This article was first published in The Australian Financial Review on 4 April 2023.
2023 is set to be a watershed year in the evolution of biodiversity conservation, with an inescapable sharpened focus on impacts and dependencies on nature for the foreseeable future.
New biodiversity targets were announced under the Global Biodiversity Framework (GBF) in late 2022. One of the GBF targets includes restoring, conserving and managing 30% of terrestrial, inland water and coastal and marine areas by 2030.
These GBF targets will soon be as important for corporates and their Boards as the greenhouse gas emission targets agreed under the Paris Agreement.
We can all recall the immense stakeholder and shareholder pressure companies faced to publicly commit to net zero targets.
Nature positive, or biodiversity restoration and regeneration, is the new net zero.
The GBF now provides a clear, internationally-agreed baseline for targets expected to be adopted by governments internationally and will almost certainly infiltrate corporate biodiversity target setting.
Mirroring global developments, strong commitments have been made to federal environmental reform by the Australian Government with the release of its Nature Positive Plan in December last year.
The Plan will seek to integrate biodiversity protection into all aspects of policy and regulation. It will also influence business sustainability agendas, including ESG risk management and reporting frameworks. Following consultation, legislation supporting the Plan’s implementation is likely to be introduced at the end of 2023.
This will be supported by the imminent release of the final version of the biodiversity financial disclosures framework by the Taskforce on Nature-related Financial Disclosures (TNFD) in September 2023. The Australian Government is a strong supporter of the TNFD and has already indicated in its consultation paper on the climate-related financial disclosures framework (December 2022) that any mandatory Australian disclosures framework may, in the future, be expanded to capture biodiversity disclosures.
It is critical all industry sectors understand the level of granularity that will be applied to the assessment of impacts and dependencies on nature is changing rapidly. High-risk dependencies and high-impact risk will be matters that will become increasingly transparent and critical to understand to ensure economic and environmental prosperity.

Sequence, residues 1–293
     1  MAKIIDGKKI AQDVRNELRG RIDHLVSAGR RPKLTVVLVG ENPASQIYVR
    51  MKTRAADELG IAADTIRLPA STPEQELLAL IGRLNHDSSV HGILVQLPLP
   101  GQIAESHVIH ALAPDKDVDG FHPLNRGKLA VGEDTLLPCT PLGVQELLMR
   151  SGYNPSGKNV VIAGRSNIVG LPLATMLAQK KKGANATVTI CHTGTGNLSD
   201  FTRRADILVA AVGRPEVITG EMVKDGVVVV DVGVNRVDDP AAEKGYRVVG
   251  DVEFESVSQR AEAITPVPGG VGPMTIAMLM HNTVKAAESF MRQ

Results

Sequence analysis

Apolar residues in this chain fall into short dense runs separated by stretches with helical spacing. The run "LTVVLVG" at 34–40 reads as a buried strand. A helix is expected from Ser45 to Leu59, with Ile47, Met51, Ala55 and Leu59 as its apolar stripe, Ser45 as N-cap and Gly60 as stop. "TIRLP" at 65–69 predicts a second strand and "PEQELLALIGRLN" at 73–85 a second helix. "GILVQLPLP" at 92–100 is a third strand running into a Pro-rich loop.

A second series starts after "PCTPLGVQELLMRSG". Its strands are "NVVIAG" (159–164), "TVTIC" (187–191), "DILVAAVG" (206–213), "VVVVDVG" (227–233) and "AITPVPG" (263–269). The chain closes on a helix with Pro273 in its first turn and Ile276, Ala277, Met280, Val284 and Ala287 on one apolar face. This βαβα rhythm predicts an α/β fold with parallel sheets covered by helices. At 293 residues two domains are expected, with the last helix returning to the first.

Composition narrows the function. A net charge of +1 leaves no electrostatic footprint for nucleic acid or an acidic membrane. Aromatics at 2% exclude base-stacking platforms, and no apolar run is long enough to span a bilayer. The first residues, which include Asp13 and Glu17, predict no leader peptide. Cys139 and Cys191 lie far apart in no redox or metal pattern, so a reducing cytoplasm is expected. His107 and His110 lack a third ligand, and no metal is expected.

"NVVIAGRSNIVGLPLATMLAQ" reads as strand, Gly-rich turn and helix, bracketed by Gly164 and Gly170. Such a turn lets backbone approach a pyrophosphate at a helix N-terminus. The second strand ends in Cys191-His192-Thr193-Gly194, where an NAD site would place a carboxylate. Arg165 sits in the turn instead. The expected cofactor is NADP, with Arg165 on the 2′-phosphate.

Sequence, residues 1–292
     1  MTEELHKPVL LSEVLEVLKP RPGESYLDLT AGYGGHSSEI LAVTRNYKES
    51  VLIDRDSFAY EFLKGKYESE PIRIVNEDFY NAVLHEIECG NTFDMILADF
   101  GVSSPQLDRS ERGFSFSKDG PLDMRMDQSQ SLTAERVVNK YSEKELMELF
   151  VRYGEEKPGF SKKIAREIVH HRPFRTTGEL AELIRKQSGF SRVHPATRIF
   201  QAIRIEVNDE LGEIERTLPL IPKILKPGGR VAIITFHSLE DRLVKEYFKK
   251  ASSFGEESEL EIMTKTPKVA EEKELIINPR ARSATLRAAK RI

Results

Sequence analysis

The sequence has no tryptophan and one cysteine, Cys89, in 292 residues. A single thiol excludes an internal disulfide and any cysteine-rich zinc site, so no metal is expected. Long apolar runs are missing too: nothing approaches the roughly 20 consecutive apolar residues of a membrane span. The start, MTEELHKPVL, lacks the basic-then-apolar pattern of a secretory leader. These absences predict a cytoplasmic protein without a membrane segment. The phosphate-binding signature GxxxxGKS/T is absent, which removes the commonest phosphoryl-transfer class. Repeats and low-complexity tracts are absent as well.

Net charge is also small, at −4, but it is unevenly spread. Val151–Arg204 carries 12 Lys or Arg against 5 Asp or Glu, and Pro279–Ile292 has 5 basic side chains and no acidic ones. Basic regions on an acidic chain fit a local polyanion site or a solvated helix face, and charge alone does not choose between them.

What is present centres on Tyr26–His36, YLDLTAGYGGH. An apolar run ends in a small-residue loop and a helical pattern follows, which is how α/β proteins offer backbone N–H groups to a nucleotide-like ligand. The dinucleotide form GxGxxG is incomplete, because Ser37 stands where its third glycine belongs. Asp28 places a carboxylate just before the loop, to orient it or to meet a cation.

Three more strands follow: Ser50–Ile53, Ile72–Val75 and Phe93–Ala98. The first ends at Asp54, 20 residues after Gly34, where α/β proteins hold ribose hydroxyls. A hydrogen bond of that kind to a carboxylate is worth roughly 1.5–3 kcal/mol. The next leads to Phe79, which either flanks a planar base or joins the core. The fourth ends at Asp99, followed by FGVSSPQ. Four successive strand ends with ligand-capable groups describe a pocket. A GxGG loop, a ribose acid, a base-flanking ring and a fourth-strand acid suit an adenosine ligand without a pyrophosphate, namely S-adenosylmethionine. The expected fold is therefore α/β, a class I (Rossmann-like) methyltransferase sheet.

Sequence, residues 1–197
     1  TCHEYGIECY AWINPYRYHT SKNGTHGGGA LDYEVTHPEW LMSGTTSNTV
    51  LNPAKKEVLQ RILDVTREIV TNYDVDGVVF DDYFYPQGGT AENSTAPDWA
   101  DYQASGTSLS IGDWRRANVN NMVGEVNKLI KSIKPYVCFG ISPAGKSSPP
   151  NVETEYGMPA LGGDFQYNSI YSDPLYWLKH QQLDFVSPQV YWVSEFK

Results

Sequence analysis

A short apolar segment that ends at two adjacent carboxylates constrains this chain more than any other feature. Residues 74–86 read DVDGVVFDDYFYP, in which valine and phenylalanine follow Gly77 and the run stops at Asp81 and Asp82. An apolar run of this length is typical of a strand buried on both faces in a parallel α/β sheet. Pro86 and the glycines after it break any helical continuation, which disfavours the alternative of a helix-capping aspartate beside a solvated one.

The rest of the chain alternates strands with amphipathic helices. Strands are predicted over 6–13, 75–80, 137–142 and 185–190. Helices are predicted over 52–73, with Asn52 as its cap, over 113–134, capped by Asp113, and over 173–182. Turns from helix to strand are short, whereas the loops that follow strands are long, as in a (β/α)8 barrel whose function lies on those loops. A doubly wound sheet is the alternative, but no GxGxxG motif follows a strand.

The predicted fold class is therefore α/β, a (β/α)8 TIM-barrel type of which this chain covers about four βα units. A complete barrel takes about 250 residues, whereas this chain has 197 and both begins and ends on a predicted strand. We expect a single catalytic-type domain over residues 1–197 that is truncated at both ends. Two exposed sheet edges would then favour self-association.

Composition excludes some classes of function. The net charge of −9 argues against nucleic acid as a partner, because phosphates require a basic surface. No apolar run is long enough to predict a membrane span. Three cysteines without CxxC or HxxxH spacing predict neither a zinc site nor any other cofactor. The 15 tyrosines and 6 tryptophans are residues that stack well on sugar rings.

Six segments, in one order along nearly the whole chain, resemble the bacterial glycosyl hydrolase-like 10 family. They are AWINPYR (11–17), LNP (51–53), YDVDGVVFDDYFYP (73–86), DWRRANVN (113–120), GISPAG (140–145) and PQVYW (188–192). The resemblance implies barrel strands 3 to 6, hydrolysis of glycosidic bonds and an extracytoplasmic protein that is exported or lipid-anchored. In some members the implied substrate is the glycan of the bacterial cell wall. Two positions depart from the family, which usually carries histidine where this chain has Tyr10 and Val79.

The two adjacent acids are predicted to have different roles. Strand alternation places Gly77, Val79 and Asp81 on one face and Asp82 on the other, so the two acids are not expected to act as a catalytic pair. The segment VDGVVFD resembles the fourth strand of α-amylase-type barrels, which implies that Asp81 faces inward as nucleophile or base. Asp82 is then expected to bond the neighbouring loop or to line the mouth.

Further supporting the proposed ‘common language’ that will underpin the TNFD to improve the availability of data and information in relation to biodiversity loss and ecosystem degradation, is the imminent release by the International Sustainability Standards Board of the final version of the sustainability standards. These standards, once finalised, are expected to address natural ecosystem considerations.
Australian organisations need to understand now how structural reforms to environmental policy will impact their business and operations. As a first step, corporate ESG frameworks must extend the ‘E’ in ESG to accommodate biodiversity risks, impacts, dependencies and opportunities.
Complex and costly though this exercise may be, it will be critical to start sooner rather than later.
While the GBF targets and the development of the disclosure frameworks and standards will assist, integrating biodiversity into corporate ESG frameworks is unlikely to be a simple task. Biodiversity is inherently more complex than climate change. It is multi-faceted, region specific and heavily data reliant. The related tools and frameworks are also still in the development and piloting phase.
However, initial steps can be made now to develop policies, set targets and carry out a preliminary risk assessment of biodiversity impacts and dependencies within divisions of the business using the TNFD framework. Key to preparation will also be building an organisation’s capabilities in biodiversity, including assigning responsibilities for the development and implementation of this new component into the ESG framework.
Organisations will undoubtedly benefit from first mover advantage and attract not only investor confidence, but improve their social licence with a variety of stakeholders.
Nature negative and nature neutral are relics of the past. Like the call to net zero emissions by 2050, the call to reverse harm to biodiversity and build a more sustainable future is firmly on the agenda.
The future is ‘nature positive’. Recognition of this in ESG frameworks is now. Corporate Australia cannot afford to be left behind.
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